What's the Big Idea?
How did Christina Romer do as an Obama economic adviser? Ask Christina Romer.
So, how do we assess the performance of Christina Romer, who is stepping down after 19 months as the chair of President Obama's Council of Economic Advisers to return to the University of California at Berkeley? It just so happens that one person particularly qualified to judge CEA chair Christina Romer is, well, professor Christina Romer.
Back in 2002, at a Federal Reserve Bank of Kansas City conference, Romer, then a Berkeley professor, presented a paper titled "The Evolution of Economic Understanding and Postwar Stabilization Policy." The study, co-authored with her husband, David Romer, reviewed decades' worth of economic policy, statements and forecasts by successive administrations and the Federal Reserve, assessing the policies and beliefs of officials since the end of World War II. As part of their painstaking research, the Romers even parsed the text of past Economic Reports of the President -- the same report that Christine Romer led in her administration post.
They concluded that economic wisdom does not move in a straight line from less knowledge to more. Rather, policymakers evolved from a "crude but fundamentally sensible model" of the economy in the 1950s to a "more formal but faulty" approach in the 1960s and 1970s, and then to a view that was "both sensible and sophisticated" in the 1980s and 1990s.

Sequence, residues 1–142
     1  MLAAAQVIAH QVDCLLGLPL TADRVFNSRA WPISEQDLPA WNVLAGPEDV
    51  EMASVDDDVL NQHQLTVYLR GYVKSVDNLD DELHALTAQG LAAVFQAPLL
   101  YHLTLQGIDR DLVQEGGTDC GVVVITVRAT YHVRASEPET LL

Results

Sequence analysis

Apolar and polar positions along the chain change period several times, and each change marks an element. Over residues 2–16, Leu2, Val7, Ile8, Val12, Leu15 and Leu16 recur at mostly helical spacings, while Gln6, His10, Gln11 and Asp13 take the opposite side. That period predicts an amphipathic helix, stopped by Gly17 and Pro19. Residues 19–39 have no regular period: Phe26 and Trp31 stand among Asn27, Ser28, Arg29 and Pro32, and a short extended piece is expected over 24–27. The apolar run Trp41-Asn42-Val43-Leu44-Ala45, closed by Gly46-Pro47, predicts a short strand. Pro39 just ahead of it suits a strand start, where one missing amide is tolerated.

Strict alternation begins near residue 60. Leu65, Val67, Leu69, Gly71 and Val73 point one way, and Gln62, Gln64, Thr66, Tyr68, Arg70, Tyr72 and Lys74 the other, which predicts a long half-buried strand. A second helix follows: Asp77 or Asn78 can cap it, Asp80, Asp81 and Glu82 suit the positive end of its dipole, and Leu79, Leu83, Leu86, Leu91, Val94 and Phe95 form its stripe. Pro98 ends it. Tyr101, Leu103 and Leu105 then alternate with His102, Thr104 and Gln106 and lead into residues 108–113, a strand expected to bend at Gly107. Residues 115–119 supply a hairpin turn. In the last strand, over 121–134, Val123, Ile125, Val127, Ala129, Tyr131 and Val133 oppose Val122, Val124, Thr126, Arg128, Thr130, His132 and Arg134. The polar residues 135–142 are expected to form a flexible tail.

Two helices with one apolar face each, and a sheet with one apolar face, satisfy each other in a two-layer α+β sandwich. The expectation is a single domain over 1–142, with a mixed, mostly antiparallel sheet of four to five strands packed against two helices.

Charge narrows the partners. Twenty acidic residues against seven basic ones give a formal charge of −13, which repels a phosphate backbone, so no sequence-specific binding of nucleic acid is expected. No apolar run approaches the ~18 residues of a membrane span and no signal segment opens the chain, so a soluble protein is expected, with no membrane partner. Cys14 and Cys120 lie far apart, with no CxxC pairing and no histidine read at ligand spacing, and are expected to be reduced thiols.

Concerns about how to balance growth and inflation were ever present in this period, but the pendulum shifted dramatically over time, with different administrations judging the trade-off very differently. In her time at the CEA, Romer was an advocate of the stimulus package Obama signed into law early in his presidency and has pushed for more spending to spur growth.
In their study, the Romers also found that internal economic forecasts generally improved in the 1980s and '90s, losing some of the excessive optimism of previous years -- a bit of an irony since, as CEA chair, Romer came under fire for forecasting that the stimulus was going to keep unemployment from surpassing 8 percent. (It passed 10 percent last fall and now stands at 9.5 percent.)
Still, the paper concludes with a note of optimism, suggesting that policy shifts are driven less by ideology and political objectives and more by changes in our understanding of how the economy functions -- meaning that policy should improve over time, though with some twists and turns along the way. Now Romer will have a chance to expand the study back at Berkeley to include her own public record, or expand her record if she is picked to run the Federal Reserve Bank of San Francisco.